Daniel Lee Replaces Riccardo Tisci At Burberry
After a star-studded presentation of its Spring 23 collection, British luxury brand Burberry announced that its chief creative officer Riccardo Tisci would step down by the end of September. Under Tisci’s direction, Burberry revived its visual identity with the Thomas Burberry Monogram, released its inaugural men’s fragrance, launched high-profile collabs, and, perhaps most importantly, became relevant to younger consumers.
Succeeding him is designer Daniel Lee, who left his post at Bottega Veneta in November 2021 and took over from Tisci in October the following year. Lee had a hugely successful run at the Italian house, offering fresh designs and new color palettes — think Pouch Bag and “Bottega Green” — that have become “It” looks among A-list celebrities and fashion influencers. By joining forces with Burberry’s new chief executive Jonathan Akeroyd, who took charge in April 2022, perhaps the 166-year-old trench coat maker will be able to accelerate sales (comparable store sales rose just 1 percent in the three months to July 2) and reach its long-term ambition of hitting £5 billion ($6 billion or 42 billion RMB) in revenue.
Kasper Rørsted Exits Adidas
In August, Kasper Rørsted announced he would be leaving his CEO post at the end of the year, well before his contract expires in 2026. The news came shortly after Rørsted stated in an interview that “we made mistakes in China,” which quickly dominated global headlines and became a trending topic on Weibo. Indeed, Adidas has faced an onslaught of challenges since the pandemic. Besides the ongoing consumer boycott in the mainland, the German sportswear manufacturer has struggled with high inventory, slowing global demand, and more recently the loss of Ye’s Yeezy partnership — causing it to cut its full-year guidance.
Starting January 1, 2023, Bjørn Gulden, CEO of Puma, will take charge. Gulden, who has three decades of experience in the sporting goods and footwear industry, helped steer a big comeback at Puma by embracing wholesale (Gulden doesn’t believe in a complete DTC strategy, he told Vogue Business) and rebalancing fashion and performance categories. Thanks to his efforts, Puma is now the third largest sportswear manufacturer in the world and reported another record quarter in October. As such, Adidas is hopeful that the transition will lead it “into a new era of strength.”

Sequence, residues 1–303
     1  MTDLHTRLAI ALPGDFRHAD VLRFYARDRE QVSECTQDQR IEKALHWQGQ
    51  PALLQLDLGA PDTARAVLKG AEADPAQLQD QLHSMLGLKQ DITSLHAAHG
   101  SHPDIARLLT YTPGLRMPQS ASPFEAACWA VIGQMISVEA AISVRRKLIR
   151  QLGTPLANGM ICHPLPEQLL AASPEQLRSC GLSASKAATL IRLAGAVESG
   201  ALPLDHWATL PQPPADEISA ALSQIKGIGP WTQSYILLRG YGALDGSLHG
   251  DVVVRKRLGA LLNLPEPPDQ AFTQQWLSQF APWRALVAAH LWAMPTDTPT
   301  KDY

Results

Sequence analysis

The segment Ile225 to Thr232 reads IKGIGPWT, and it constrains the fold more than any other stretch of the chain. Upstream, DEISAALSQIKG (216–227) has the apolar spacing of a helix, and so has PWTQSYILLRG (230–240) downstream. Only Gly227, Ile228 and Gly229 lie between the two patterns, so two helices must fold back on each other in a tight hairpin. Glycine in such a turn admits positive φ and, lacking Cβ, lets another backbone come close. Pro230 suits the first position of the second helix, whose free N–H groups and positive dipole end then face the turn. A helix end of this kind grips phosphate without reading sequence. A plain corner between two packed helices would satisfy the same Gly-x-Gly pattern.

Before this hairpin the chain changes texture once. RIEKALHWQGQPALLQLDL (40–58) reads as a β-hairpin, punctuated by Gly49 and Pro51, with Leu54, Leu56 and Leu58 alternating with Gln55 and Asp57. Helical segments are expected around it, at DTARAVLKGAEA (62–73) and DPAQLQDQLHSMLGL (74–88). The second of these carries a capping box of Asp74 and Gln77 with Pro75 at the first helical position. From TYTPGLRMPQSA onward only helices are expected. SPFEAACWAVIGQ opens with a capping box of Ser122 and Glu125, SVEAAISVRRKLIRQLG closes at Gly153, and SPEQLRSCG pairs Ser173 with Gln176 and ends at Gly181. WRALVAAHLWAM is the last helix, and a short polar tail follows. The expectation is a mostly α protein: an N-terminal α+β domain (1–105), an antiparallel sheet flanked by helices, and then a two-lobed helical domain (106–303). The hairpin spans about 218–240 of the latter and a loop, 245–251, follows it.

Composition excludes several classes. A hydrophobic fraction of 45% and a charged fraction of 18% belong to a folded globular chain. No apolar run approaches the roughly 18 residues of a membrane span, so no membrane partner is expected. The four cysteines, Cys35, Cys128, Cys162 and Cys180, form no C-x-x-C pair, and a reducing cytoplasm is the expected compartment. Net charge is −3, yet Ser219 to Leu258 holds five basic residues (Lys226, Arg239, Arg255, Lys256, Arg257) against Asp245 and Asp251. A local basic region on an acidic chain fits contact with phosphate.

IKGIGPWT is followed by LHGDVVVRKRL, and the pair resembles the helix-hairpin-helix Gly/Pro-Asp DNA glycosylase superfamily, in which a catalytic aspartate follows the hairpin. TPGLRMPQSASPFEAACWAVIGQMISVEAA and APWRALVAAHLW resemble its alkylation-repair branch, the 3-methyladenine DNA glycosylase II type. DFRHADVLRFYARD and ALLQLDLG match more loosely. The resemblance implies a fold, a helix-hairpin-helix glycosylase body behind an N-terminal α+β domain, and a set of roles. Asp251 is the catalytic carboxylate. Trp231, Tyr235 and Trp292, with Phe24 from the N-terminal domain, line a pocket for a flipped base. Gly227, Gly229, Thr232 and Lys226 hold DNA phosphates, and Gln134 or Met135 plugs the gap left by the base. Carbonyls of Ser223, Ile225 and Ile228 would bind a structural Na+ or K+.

Steve Rendle Retires As VF Corp. CEO
In December, Steven Rendle stepped down as president, chairman, and CEO of VF Corp., after nearly six years in the position and almost a quarter century with the fashion group. The Denver-based company has been weighed down by sluggish demand, COVID-19 disruptions, debt from the Supreme acquisition, and issues with its most profitable label Vans. In fact, global chief marketing officer Kristin Harrer said in an interview with WWD that Vans’ DNA hasn’t been updated in seven to 10 years, while Kevin Bailey, global brand president, added that the skate line “failed to adequately monitor and swiftly and effectively adapt to the changes we need to make.”
The search is currently underway for Rendle’s permanent replacement — big shoes to fill given VF Corp.’s large multi-brand portfolio. But perhaps the change in leadership is exactly what the fashion group needs to reevaluate how it is communicating with consumers and turn Vans back into the hottest youth culture brand out there.